NZ Election 2020: Judith Collins blames 'the left' for criticism of church photo

Judith Collins has denied staging a photo-op on Sunday where she was snapped on her knees praying in a church.

The National Party leader, who's been open about her belief in God since her maiden speech to Parliament in 2002, voted at St Thomas Tamaki, a church outside of her electorate. Before casting her ballot she prayed alone in the chapel.

"I don't pray in church every day," she told The AM Show on Wednesday. "In that particular instance on Sunday I was in an Anglican church - I'm a confirmed Anglican - the priest said, 'Would you like to pop in and have a prayer Judith?' I said yes.

"I'm doing that, next thing I turn around and the whole media pack's there looking at me. What am I supposed to do? Get up and order them out? Is it my job to do that?... 

"I didn't expect them to come charging into the chapel. But look, they were there. I'm not going to order them out. I didn't invite them in. I was simply asked by the priest."

Stuff reported on the day one of Collins' handlers actually checked with church staff whether it was okay for the media pack to follow her into the church.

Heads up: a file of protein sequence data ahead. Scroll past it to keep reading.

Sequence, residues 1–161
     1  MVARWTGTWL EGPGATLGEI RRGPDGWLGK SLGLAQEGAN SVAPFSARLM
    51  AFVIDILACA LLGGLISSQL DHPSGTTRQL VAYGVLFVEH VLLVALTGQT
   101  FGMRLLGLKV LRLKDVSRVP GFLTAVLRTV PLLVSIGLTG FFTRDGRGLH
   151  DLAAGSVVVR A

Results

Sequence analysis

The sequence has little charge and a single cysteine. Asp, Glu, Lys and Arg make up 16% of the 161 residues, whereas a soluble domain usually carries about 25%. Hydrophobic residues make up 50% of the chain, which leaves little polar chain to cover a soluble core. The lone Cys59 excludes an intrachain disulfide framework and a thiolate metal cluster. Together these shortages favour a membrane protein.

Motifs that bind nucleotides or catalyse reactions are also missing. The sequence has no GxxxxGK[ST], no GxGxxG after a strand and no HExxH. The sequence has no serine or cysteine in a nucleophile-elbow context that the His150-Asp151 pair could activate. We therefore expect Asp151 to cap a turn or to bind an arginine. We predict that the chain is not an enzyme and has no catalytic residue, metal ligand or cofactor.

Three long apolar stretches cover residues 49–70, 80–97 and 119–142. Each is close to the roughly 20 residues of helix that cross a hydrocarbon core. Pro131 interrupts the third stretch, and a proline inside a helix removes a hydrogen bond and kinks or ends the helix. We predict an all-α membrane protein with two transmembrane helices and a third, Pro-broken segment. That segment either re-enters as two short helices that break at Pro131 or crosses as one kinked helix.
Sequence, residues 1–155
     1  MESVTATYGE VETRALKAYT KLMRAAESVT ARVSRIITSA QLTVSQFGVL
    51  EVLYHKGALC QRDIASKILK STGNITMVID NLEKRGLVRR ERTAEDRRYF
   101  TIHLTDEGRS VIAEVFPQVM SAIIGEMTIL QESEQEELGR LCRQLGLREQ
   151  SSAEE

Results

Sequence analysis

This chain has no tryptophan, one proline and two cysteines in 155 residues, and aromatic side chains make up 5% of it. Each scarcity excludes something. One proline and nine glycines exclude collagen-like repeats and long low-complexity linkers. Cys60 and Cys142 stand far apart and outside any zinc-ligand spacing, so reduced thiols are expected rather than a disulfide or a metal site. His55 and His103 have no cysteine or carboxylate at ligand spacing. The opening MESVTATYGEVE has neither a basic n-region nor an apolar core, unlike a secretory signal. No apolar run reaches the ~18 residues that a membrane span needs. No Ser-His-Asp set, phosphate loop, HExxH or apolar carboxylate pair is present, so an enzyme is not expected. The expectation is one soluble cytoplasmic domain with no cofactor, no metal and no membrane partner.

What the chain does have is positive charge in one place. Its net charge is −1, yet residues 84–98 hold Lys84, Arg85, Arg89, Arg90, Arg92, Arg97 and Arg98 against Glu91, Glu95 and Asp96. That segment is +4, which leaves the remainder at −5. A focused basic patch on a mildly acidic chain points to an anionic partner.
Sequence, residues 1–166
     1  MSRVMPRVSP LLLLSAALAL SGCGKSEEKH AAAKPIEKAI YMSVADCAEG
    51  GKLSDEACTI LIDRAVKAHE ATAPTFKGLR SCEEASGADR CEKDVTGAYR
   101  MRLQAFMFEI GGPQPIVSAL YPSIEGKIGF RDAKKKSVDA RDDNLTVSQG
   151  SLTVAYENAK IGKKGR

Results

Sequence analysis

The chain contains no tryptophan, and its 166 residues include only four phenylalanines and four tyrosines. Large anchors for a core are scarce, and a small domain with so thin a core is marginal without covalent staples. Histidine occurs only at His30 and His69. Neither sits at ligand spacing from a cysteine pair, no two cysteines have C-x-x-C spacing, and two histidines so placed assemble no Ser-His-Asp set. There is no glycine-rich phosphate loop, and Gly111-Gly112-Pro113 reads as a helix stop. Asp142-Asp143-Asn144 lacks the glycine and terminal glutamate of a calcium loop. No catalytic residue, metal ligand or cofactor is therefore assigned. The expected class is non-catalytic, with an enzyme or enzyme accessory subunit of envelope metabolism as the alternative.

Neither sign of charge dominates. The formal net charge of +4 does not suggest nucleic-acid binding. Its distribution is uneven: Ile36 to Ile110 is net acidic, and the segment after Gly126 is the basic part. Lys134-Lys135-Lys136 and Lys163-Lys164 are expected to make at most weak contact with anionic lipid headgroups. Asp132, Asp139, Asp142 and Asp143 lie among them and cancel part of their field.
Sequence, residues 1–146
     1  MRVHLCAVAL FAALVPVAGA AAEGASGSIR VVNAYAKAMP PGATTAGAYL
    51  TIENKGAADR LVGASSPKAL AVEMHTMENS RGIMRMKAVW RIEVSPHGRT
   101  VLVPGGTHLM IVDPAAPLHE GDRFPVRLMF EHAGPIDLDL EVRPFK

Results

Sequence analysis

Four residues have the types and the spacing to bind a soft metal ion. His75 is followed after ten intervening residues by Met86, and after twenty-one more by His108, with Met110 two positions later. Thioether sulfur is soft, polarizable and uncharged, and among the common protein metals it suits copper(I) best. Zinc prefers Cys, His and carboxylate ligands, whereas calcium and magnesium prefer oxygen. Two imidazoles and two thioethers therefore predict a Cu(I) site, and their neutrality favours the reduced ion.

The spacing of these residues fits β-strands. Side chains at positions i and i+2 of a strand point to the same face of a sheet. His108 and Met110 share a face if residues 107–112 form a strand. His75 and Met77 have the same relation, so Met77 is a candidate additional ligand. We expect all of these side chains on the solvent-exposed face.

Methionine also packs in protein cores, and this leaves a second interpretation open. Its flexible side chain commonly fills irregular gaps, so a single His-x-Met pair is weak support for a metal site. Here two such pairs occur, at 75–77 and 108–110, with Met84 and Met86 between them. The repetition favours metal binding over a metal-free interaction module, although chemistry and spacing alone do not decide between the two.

Judith Collins on The AM Show.
Judith Collins on The AM Show. Photo credit: The AM Show

Criticism came swiftly. Leighton Baker, leader of the New Conservatives, told TVNZ Collins was "concerned New Conservatives are taking a bit of the vote", and NZ First leader Winston Peters quoted a Bible verse which suggested prayer should be done in private, not "standing in the synagogues and on the street corners to be seen by others".

Despite the leaders of the Labour and Green parties having nothing to say publicly about Collins' prayer session, she said "the left" had been "really obnoxious" about it. It's not clear who she was referring to, but social media site Twitter - a favourite for left-leaning politics nerds - was awash with criticism after an RNZ journalist tweeted a photo. 

"I don't know why people are so quick to pick up on that I'm a Christian," said Collins. "If I was Muslim or Hindu or any other religion, would that be a big deal? I don't think it is, is it? The other thing is I'm a liberal Anglican. So, you know, my views are my own - I don't impose them on others... I will stand up for what I believe in."

Greens co-leader Marama Davidson voted in a library on Monday, and even had to queue. 

"Grateful for the media who stayed around while I waited in a line lol," she tweeted.